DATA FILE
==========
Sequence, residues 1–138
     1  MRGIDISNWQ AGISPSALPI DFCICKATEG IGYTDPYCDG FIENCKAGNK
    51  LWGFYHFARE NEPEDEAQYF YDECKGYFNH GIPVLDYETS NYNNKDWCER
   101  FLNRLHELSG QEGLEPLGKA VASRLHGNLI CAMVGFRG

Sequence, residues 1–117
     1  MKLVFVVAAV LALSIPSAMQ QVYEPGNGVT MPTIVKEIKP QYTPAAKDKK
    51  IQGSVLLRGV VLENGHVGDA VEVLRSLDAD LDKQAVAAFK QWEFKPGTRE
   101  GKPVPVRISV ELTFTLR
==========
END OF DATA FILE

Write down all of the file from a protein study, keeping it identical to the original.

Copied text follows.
Sequence, residues 1–138
     1  MRGIDISNWQ AGISPSALPI DFCICKATEG IGYTDPYCDG FIENCKAGNK
    51  LWGFYHFARE NEPEDEAQYF YDECKGYFNH GIPVLDYETS NYNNKDWCER
   101  FLNRLHELSG QEGLEPLGKA VASRLHGNLI CAMVGFRG

Sequence, residues 1–117
     1  MKLVFVVAAV LALSIPSAMQ QVYEPGNGVT MPTIVKEIKP QYTPAAKDKK
    51  IQGSVLLRGV VLENGHVGDA VEVLRSLDAD LDKQAVAAFK QWEFKPGTRE
   101  GKPVPVRISV ELTFTLR